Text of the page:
Enacted in 2013, the Drug Quality and Security Act (DQSA) legislation (and in particular Title II, the Drug Supply Chain Security Act [DSCSA]) introduces new requirements for drug traceability with the intention of protecting consumers from exposure to counterfeit, stolen, contaminated, or otherwise harmful prescription drug products.1,2 The act outlines the steps required to build an electronic system to identify and trace prescriptions throughout the US medication supply chain. As medication dispensers, hospital pharmacists are required to meet a series of deadlines in the development of this electronic system, including the November 2017 deadline, whereby hospital pharmacies are required to be able to receive electronic transaction data from their pharmaceutical manufacturers.
Implementation of this electronic system will enhance the FDA’s ability to detect and remove potentially dangerous products from the supply chain. Under this system, product information is to travel with (or ahead of) the actual product, facilitating communication among vendor, wholesaler, pharmacy, and patient (see FIGURE 1). To achieve compliance, organizations must address a series of issues:
- Establish a new workflow
- Maintain compliance documentation
- Conduct quality assurance and benchmark system performance
- Stay abreast of the DSCSA timeline and changes in the legislation as well as enforcement discretions and delays
While organizations may choose to address these challenges internally, utilizing a DSCSA compliance service through a third-party vendor can help uncover and bridge gaps in any or all of these high impact areas.
The DSCSA takes a phased approach to implementation that spans the course of a decade, affecting all parties in the supply chain. The first compliance date, January 1, 2015, affected manufacturers and wholesalers. For pharmacists, the first compliance deadline fell in March of 2015, but a discretion in enforcement was applied until July of that year. See FIGURE 2 for key compliance dates affecting hospital pharmacies. See SIDEBAR for definitions of DSCSA compliance stakeholders.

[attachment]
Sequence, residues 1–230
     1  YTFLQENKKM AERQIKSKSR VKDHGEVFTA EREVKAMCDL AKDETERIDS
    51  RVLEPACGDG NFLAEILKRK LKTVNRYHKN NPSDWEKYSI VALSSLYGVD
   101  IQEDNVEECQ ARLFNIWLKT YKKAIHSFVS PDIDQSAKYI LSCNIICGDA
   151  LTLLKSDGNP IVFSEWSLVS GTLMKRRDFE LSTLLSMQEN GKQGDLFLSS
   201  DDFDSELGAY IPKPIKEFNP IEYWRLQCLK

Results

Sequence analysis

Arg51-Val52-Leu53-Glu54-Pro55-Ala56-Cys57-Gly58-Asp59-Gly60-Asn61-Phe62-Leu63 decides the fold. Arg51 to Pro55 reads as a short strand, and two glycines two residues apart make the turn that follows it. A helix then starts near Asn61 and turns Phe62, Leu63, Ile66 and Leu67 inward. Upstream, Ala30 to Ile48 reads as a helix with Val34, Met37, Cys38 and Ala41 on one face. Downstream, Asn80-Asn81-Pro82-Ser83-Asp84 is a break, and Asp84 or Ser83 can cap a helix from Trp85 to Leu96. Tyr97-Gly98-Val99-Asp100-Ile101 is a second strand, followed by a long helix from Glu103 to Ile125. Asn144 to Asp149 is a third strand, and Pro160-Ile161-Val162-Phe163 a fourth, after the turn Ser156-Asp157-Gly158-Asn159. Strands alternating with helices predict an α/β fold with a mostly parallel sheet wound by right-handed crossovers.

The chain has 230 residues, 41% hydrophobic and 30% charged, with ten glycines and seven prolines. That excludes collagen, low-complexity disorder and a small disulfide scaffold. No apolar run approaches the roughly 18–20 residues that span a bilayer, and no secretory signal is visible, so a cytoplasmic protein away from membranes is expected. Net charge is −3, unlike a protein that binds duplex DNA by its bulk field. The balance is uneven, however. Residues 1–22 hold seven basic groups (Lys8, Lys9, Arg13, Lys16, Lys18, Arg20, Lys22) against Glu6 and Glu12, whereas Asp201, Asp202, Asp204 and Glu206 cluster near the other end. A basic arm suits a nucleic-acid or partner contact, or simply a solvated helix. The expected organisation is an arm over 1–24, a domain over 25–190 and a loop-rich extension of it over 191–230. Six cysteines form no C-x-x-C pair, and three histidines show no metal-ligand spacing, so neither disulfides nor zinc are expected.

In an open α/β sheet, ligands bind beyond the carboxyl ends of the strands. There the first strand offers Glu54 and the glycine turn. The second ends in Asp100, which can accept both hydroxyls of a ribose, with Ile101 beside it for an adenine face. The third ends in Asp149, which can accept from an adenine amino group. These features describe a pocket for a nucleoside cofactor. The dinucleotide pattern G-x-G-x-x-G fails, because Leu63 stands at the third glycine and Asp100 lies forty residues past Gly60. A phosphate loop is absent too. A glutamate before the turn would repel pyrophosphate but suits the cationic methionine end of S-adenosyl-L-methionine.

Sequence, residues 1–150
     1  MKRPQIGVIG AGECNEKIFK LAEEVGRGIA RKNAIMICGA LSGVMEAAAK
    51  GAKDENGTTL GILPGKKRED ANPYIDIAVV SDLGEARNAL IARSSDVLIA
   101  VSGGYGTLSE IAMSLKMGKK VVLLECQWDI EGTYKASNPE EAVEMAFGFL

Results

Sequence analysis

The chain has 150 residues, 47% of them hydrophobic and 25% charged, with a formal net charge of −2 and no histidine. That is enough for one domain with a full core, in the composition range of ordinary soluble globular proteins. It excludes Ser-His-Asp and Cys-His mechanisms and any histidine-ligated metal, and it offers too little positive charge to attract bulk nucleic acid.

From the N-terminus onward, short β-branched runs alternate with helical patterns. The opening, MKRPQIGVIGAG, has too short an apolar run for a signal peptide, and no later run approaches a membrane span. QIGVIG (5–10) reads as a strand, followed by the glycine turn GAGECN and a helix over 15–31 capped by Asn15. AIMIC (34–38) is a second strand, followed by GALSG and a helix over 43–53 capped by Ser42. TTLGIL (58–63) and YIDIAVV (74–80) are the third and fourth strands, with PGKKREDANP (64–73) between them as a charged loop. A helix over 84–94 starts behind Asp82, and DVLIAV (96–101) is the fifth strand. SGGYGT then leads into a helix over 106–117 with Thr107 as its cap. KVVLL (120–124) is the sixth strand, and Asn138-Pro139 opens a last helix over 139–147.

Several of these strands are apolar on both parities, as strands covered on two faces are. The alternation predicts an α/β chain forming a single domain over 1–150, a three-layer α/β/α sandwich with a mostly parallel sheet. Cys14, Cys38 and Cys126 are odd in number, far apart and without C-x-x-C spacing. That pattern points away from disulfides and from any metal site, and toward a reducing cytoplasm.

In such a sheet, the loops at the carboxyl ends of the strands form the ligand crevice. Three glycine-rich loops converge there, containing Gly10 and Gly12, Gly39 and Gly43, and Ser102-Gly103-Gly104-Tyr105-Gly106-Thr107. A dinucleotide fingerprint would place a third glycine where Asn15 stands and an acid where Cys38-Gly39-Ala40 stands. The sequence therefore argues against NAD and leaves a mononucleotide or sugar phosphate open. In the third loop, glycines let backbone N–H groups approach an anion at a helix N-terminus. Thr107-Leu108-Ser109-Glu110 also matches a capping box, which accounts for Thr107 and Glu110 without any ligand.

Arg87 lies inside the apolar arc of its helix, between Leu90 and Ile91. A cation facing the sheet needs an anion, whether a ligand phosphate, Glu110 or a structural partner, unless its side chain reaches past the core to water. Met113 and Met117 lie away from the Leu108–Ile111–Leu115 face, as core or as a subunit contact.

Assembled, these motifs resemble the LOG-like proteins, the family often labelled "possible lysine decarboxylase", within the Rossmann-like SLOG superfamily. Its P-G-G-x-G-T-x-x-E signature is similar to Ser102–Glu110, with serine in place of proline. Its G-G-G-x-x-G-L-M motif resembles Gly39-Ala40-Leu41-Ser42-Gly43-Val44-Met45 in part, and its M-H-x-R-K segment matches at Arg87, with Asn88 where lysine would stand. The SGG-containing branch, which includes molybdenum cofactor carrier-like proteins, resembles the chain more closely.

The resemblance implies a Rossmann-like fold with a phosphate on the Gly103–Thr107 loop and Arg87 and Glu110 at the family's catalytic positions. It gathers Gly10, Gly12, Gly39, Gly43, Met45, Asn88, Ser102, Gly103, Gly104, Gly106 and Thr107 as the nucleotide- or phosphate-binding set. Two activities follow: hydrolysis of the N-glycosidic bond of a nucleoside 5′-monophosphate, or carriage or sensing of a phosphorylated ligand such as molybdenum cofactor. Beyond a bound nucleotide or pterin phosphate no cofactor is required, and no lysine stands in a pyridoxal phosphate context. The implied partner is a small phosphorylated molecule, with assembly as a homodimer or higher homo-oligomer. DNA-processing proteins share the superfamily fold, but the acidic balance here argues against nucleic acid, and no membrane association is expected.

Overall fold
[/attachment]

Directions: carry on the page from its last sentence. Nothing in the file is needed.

Traceability ensures the ability to verify the history, location, and transaction information of a product in the supply chain. The DSCSA defines three terms related to transaction data that are used in describing traceability. Pharmacists may want to think of these as a traceability trifecta, or T3:
- Transaction Information (TI): Includes data about the received product and the trading partners: product name, strength and dosage form, lot, National Drug Code (NDC) number, container size, number of containers, date of the transaction, and names of the new and former owners of the product.
- Transaction History (TH): The transaction information for each previous transaction, going back to the manufacture of the product.
- Transaction Statements (TS): Multiple statements related to the history of the product; data may be provided on paper or in electronic form.
Identifying a DSCSA Compliance Champion